Home > Uncategorized > The Letter of Paul to the Ephesians (Part 9 of 155)

The Letter of Paul to the Ephesians (Part 9 of 155)

September 23, 2010 Leave a comment Go to comments

Ephesians 1.11: In Christ we have also obtained an inheritance, having been destined according to the purpose of him who accomplishes all things according to his counsel and will…
Our previous verse (not yesterday, but two days ago, since I took yesterday off) was about God’s plan and how he has, in his wisdom, made it known to us. Paul rejoices not only in the greatness and beauty of God plan, but in his decision to reveal it in the way that he did, at the time that he did. Today we hear about how we’ve “obtained an inheritance.”

What does this mean? We think today of an inheritance as something that we receive when someone else, usually a relative of ours, dies. Clearly that is not quite what is meant here, but the concept is similar: something has been stored away for us so that, at an appointed time, we may receive it. In the next clause, Paul explains why we may think of it like this, via the somewhat lengthy label for God as “him who accomplishes all things according to his counsel and will.” Paul seems to want to emphasize yet again the sureness of what God is doing. We can be confident about our inheritance because, well, it has been promised by God, and there is no surer guarantee of a promise than the One who is in total control of the whole universe and history.

I notice now that Paul uses the word “also” in talking about our inheritance. I’m not sure what to make of this because, to be honest, I felt initially like this verse is not saying anything new, anything that wasn’t contained in the previous verses. But clearly Paul considers this to be an additional point he is making. I think that this may tell us something. In my eagerness, I’ve already been reading “heaven” into all that Paul is saying, but maybe he wasn’t so explicit about that. Looking back at all that has come so far, he has talked about the greatness of being adopted as God’s children, and of having our sins forgiven, of having been redeemed, of being blessed with every spiritual blessing. This can all be taken as present tense!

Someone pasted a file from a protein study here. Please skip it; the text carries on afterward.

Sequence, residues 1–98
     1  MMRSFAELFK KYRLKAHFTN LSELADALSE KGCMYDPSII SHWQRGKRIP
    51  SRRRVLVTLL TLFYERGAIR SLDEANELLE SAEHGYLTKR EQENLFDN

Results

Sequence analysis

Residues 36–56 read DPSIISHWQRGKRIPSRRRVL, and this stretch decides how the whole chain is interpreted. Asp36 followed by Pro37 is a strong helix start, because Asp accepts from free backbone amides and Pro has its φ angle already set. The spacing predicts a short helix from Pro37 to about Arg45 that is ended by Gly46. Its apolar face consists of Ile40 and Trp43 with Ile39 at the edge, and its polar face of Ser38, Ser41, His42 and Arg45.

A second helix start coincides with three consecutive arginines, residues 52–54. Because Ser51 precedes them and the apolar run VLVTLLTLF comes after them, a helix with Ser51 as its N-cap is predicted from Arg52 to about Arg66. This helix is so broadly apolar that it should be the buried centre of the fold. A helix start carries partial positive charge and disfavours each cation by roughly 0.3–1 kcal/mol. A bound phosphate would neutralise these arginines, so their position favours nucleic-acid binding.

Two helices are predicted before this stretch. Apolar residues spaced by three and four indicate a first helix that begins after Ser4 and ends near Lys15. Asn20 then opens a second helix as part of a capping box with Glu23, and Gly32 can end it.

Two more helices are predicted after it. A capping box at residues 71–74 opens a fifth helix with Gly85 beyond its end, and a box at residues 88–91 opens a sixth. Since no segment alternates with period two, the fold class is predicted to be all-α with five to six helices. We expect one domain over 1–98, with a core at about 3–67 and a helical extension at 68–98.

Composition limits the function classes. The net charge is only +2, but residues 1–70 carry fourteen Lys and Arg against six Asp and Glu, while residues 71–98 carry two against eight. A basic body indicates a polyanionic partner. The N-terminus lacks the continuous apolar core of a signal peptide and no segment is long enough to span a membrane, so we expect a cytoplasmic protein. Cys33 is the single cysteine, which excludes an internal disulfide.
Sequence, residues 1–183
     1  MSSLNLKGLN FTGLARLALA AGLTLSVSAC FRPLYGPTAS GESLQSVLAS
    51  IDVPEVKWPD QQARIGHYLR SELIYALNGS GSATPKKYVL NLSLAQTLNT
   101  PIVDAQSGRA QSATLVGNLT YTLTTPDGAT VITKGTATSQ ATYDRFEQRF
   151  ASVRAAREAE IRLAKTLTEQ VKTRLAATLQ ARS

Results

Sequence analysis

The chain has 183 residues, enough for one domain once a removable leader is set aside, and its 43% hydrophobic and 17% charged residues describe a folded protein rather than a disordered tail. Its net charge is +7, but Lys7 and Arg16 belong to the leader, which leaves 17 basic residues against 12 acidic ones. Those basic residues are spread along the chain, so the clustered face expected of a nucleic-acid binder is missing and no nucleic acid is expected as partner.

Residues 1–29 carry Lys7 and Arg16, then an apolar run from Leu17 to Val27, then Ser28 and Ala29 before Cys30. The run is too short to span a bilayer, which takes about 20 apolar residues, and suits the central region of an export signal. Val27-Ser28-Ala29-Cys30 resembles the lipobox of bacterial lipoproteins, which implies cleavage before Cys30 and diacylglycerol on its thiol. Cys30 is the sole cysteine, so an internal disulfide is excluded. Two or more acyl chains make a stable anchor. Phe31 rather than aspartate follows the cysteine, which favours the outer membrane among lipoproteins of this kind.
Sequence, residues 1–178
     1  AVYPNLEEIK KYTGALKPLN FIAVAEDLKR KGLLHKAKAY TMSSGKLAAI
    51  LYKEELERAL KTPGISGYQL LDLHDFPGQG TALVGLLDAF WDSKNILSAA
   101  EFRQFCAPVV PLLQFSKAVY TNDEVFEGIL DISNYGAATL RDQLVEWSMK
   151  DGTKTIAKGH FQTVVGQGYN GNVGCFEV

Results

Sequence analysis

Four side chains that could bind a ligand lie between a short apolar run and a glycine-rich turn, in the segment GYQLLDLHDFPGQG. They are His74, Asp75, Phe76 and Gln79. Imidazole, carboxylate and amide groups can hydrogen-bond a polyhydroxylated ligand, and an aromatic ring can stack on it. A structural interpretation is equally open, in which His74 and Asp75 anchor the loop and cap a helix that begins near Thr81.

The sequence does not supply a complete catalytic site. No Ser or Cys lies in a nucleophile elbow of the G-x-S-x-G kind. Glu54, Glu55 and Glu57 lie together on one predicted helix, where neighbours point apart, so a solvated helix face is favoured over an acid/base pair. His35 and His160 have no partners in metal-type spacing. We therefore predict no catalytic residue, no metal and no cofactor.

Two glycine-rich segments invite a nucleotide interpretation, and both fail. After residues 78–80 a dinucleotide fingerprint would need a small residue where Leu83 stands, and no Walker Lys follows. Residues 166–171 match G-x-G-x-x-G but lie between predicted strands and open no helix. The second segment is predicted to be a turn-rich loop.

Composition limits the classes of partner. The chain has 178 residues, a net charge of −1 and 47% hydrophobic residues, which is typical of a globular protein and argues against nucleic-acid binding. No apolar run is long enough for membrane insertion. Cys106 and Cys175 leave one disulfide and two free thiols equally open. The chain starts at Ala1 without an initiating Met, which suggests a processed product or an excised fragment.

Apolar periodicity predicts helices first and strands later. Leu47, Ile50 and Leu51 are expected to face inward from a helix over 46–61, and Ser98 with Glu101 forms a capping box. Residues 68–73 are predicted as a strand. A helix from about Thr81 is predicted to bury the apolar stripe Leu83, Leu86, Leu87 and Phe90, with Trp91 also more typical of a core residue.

It is humbling, then, to realize right now what we have already been given. And this is part of the point. Part of how the gospel restores us is through the indestructible hope it gives us. It sets us free to love our neighbor in truth when we know both what we have already and what we are promised. The blessings of the present and of the future are inextricably linked to each other in God’s wonderful plan for redemption. We don’t need to set our hope on this life only (which really leads to despair). But we also do have freedom in this life to live–though imperfectly–as God means for a human being to actually live, knowing that we are already God’s children, and are coming to live more and more in this reality. By knowing God’s ultimate plan for us, an unending love, now and forever, we can lose our lives to gain them, and “live for the praise of his glory,” as tomorrow’s verse tells us. Let us mediate on that today.

Next verse:

1.12: …so that we, who were the first to set our hope on Christ, might live for the praise of his glory.

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Categories: Uncategorized
  1. janet thayer williams
    September 23, 2010 at 9:45 am

    I think the inheritance Paul is speaking of here is one of the things ALREADY obtained. An inheritance is something you have been promised, yes, but there is some suspense as to what or how much that is until the will is read and the estate distributed. The spouse, legitimate children, adopted children, brothers and sisters, nephews and nieces, even aunts and uncles might be getting some of the estate. The Ephesians are probably a group sensitive to the frustrations (and language thereof) of probating a will. Frustrations that are even more pronounced in regards to an ENORMOUS estate. Paul’s letters are all to congregations that clearly bicker amongst themselves. And Paul is a writer. He knows how to use language that will resonate with his audience.

  2. janet thayer williams
    September 23, 2010 at 9:48 am

    Paul the fiduciary!

  3. September 23, 2010 at 10:16 am

    Interesting…well I think that it is, like the other stuff, something that participates in both the present and the future. But I think the word is much more future heavy than other ways Paul talks about the promises of God. He does say “obtained” though.

    I’m unsure if he is meaning to address any bickering here; the letter to the Ephesians doesn’t seem to have much of this in it as some other letters, and Paul is usually pretty direct when he is addressing some sort of disagreement. Maybe it is just general encouragement he’s offering.

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